Peter Feaver, Grand Strategy in Theory and Practice
Friday, February 7, 2014, 3:00-4:00pm, Gates Hillman Center 4307
Peter D. Feaver (Ph.D., Harvard, 1990) is a Professor of Political Science and Public Policy at Duke University. He is Director of the Triangle Institute for Security Studies and Director of the Duke Program in American Grand Strategy. He also chairs the University Priorities Committee. Feaver is author of Armed Servants: Agency, Oversight, and Civil-Military Relations (Harvard Press, 2003) and of Guarding the Guardians: Civilian Control of Nuclear Weapons in the United States (Cornell University Press, 1992). He is co-author: with Christopher Gelpi and Jason Reifler, of Paying the Human Costs of War (Princeton Press, 2009); with Susan Wasiolek and Anne Crossman, of Getting the Best Out of College (Ten Speed Press, 2008, 2nd edition 2012); and with Christopher Gelpi, of Choosing Your Battles: American Civil-Military Relations and the Use of Force (Princeton Press, 2004). He is co-editor, with Richard H. Kohn, of Soldiers and Civilians: The Civil-Military Gap and American National Security (MIT Press, 2001). He has published numerous other monographs, scholarly articles, book chapters, and policy pieces on grand strategy, American foreign policy, public opinion, nuclear proliferation, civil-military relations, and cybersecurity.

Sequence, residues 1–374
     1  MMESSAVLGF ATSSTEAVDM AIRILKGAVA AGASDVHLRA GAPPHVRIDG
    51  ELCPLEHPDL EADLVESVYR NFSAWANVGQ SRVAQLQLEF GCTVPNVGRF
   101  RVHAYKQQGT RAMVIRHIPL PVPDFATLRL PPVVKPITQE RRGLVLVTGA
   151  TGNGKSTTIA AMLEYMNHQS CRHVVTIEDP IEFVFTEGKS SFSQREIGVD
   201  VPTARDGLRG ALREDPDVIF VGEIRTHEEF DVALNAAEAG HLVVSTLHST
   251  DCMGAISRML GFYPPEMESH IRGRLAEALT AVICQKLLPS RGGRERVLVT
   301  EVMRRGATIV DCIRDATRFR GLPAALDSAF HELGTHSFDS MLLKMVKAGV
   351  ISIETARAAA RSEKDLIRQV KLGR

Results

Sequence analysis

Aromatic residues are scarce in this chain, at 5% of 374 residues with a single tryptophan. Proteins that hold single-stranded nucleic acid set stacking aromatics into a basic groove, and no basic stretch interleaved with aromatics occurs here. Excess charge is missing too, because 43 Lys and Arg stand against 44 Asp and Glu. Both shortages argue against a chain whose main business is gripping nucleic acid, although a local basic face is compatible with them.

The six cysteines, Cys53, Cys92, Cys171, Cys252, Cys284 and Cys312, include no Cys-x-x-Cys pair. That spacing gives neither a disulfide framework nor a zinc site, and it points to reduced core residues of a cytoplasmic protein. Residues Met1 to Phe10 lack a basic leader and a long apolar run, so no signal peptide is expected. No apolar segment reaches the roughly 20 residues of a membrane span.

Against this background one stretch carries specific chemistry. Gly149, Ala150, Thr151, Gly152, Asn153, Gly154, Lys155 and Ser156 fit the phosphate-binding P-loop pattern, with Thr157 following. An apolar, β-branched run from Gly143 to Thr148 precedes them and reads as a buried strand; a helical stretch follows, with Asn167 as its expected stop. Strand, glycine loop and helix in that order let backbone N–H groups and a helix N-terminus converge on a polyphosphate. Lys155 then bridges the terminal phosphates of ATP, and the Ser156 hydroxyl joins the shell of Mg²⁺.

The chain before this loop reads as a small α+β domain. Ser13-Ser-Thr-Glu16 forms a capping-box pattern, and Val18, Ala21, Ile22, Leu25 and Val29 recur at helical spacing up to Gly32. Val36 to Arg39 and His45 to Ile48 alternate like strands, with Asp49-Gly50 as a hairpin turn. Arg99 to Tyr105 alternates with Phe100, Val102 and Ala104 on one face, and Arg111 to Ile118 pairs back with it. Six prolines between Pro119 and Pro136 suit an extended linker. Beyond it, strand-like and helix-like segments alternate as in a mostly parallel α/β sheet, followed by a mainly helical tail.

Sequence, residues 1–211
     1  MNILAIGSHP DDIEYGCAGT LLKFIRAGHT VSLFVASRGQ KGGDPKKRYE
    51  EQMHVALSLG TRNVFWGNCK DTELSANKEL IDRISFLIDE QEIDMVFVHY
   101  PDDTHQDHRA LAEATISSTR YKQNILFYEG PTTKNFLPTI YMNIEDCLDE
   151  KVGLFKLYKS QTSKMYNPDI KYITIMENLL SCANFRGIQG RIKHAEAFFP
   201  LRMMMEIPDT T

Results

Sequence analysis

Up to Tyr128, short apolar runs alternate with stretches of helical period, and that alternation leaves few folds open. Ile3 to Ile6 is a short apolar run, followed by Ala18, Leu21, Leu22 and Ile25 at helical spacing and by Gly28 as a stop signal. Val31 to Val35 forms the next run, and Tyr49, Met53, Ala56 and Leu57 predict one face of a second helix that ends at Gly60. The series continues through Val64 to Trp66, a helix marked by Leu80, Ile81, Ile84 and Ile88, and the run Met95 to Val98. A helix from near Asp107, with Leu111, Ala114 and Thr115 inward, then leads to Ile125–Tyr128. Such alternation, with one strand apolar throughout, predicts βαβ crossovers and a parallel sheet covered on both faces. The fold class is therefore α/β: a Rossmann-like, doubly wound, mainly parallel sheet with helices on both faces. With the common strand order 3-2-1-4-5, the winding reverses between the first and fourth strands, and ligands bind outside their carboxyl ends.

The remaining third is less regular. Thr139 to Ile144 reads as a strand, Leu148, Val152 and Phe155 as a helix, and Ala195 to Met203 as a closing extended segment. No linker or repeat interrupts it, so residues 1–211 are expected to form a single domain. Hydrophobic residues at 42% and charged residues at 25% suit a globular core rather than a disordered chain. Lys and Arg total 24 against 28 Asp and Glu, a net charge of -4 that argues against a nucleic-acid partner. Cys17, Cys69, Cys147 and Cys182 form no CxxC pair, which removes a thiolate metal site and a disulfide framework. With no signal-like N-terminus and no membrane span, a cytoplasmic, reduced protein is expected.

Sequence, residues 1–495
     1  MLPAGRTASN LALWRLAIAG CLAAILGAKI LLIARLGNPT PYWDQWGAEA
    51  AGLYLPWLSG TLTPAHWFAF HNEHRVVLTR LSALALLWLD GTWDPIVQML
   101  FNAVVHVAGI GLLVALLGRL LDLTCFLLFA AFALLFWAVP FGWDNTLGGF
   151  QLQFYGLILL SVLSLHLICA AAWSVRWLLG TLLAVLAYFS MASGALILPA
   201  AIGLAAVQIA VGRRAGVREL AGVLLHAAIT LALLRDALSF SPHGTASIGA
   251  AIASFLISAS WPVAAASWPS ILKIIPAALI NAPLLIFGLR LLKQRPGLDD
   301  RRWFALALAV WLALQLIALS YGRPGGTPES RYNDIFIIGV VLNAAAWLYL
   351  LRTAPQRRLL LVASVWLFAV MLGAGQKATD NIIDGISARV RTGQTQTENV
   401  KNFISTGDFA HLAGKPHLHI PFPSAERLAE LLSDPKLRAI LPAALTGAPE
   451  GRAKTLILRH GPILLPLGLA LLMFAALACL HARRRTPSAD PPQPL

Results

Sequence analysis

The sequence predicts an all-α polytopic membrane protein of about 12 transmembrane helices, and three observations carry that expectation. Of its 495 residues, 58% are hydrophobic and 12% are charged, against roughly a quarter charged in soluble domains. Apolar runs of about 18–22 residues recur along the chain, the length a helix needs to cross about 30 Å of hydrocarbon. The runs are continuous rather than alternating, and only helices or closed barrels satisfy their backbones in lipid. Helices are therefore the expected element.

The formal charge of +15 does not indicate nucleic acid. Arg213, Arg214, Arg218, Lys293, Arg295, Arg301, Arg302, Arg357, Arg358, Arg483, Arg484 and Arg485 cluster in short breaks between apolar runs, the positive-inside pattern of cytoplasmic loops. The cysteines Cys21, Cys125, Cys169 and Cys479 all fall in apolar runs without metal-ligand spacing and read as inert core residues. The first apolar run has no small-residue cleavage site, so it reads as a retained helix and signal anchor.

From June 2005 to July 2007, Feaver served as Special Advisor for Strategic Planning and Institutional Reform on the National Security Council Staff at the White House where his responsibilities included the national security strategy, regional strategy reviews, and other political-military issues. In 1993-94, Feaver served as Director for Defense Policy and Arms Control on the National Security Council at the White House where his responsibilities included the national security strategy review, counterproliferation policy, regional nuclear arms control, and other defense policy issues. He is a member of the Aspen Strategy Group, blogs at shadow.foreignpolicy.com, and is a Contributing Editor to Foreign Policy magazine.
Sponsored by the Center for International Relations and Politics.